Monitoring immune response to SARS-CoV-2 amongst elderly and immunosuppressed individuals is particularly important, given the significantly higher mortality rates observed in these groups.

The incidence of cancer is also increased among elderly individuals, where declining adaptive immune responses and age-associated inflammation contribute to disease progression.

“Indeed, early indications suggest that cancer patients, in particular those on active treatments such as chemotherapy, were significantly less likely to mount antibody and T cell responses to the Pfizer-BioNTech SARS-CoV-2 mRNA vaccine,” says Godkin and the team.

What did the researchers do?

The researchers adapted and optimized a widely utilized, high-throughput whole blood-based assay to determine the TH1-type (IFNg/IL-2) cellular immune responses associated with previous SARS-CoV-2 infection and/or vaccination among 156 healthy donors and 67 solid-organ cancer patients.

Participants were recruited between February and April 2021 and were stratified based on their self-reported and/or laboratory evidence of a previous SARS-CoV-2 infection. Participants reporting no prior positive test were defined as “unknown/naïve.”

To measure the immune responses generated by COVID-19 vaccination, blood samples were taken immediately before the first dose and 3 to 6 weeks later.

All immunized individuals received either Pfizer-BioNTech’s BNT162b2 vaccine or AstraZeneca’s ChAdOx1 nCoV-19 vaccine.

What did the study find?

Among the healthy donors, significant differences in IFNg+ and IL-2+ SARS-CoV-2-specific T cell responses were observed between vaccinated or previously infected individuals and the unknown/naïve individuals.

The measurement of IL-2 generated by T cells in response to SARS-CoV-2-derived antigens was a highly predictive diagnostic assay, with a sensitivity of 96.0% and a specificity of 93.9%.

Measurement of IFNg+ SARS-CoV-2 specific T cell responses was also effective at identifying infected participants who were asymptomatic.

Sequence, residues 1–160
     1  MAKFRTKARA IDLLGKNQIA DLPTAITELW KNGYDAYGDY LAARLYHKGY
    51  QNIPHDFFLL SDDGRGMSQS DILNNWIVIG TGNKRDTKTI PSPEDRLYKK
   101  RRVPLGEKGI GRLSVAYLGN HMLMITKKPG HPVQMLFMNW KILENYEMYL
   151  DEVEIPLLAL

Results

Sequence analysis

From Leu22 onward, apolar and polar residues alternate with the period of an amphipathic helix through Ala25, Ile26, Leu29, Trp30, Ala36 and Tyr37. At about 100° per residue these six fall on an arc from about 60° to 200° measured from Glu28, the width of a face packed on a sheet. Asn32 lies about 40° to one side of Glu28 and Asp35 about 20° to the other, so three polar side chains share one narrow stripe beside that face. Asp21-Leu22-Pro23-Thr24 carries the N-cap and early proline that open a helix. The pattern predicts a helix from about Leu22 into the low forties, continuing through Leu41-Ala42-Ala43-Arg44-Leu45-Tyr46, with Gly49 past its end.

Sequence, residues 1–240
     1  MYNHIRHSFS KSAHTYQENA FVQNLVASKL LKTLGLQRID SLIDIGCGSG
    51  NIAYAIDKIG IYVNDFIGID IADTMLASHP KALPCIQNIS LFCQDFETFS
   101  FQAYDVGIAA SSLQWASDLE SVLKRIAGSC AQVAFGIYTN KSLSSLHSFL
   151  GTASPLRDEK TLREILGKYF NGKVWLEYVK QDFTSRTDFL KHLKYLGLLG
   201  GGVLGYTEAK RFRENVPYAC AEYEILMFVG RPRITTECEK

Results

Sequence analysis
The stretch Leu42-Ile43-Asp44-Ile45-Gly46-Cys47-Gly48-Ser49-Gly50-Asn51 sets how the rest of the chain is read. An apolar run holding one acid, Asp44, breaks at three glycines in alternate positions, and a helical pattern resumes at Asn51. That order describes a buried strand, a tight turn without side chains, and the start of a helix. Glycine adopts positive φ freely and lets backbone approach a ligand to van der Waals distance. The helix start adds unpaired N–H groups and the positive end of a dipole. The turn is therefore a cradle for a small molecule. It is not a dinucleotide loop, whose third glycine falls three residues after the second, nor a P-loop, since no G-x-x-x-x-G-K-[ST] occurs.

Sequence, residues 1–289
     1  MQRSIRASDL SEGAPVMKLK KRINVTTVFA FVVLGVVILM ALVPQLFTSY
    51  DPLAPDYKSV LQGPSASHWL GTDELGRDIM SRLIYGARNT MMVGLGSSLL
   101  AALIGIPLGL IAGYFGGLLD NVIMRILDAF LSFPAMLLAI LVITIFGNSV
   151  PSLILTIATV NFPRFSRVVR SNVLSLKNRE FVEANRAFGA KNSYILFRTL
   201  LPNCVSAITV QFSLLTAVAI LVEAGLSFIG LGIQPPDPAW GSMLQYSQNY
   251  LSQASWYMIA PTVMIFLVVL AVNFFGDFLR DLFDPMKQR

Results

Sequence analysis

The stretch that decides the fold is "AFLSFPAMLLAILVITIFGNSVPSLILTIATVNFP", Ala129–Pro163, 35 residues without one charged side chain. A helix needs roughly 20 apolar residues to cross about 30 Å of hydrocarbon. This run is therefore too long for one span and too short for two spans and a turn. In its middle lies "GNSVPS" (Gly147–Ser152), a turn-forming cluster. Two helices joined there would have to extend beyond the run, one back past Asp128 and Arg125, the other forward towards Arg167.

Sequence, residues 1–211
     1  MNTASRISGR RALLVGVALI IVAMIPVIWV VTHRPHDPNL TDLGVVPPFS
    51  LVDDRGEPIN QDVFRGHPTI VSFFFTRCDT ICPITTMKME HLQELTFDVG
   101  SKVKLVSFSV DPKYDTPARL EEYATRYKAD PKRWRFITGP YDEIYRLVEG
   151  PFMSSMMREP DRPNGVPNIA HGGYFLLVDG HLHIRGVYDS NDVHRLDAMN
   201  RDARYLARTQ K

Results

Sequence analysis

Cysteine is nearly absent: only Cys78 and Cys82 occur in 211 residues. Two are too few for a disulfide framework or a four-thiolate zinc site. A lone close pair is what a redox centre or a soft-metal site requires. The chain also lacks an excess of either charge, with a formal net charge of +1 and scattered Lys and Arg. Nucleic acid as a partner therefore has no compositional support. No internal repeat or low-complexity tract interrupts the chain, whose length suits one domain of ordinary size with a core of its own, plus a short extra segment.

A single dose of vaccine-induced IFNg and/or IL-2 SARS-CoV-2-specific T cell responses in 28 (96.6%) of 29 healthy donors, but only in 27 (48.2%) of 56 cancer patients.

“These data provide further support to recent calls for cancer patients to be prioritized for booster vaccines and longer-term immunological monitoring,” writes the team.

What did the authors conclude?

The researchers say that this cost-effective, high-throughput standardizable test enabling accurate and comparable assessment of SARS-CoV-2-specific T cell responses would be amenable to widespread population immunity testing.

“We demonstrate high sensitivity and specificity of this assay to identify or exclude prior SARS-CoV-2 infection and/or successful COVID-19 vaccination,” says Godkin and colleagues.

“Going forward, it is imperative to utilize such tests to understand the precise contribution of T cell responses with regards to long-term immunity to SARS-CoV-2 infection, in particular amongst immunocompromised individuals,” they conclude.

*Important Notice

medRxiv publishes preliminary scientific reports that are not peer-reviewed and, therefore, should not be regarded as conclusive, guide clinical practice/health-related behavior, or treated as established information.

Journal reference:
  • Godkin A, et al. Whole blood-based measurement of SARS-CoV-2-specific T cell responses reveals asymptomatic infection and vaccine efficacy in healthy subjects and patients with solid organ cancers. medRxiv, 2021. doi: https://doi.org/10.1101/2021.06.02.21258218, https://www.medrxiv.org/content/10.1101/2021.06.02.21258218v1

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Tags: Antibody, Antigen, Assay, Blood, Cancer, Cell, Chemotherapy, Coronavirus, Coronavirus Disease COVID-19, Cytokine, Cytokines, Cytometry, Diagnostic, Efficacy, Flow Cytometry, Immune Response, Immunoassays, Inflammation, Laboratory, Mortality, Research, Respiratory, SARS, SARS-CoV-2, Severe Acute Respiratory, Severe Acute Respiratory Syndrome, Syndrome, Vaccine, Virus

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Sally Robertson

Sally first developed an interest in medical communications when she took on the role of Journal Development Editor for BioMed Central (BMC), after having graduated with a degree in biomedical science from Greenwich University.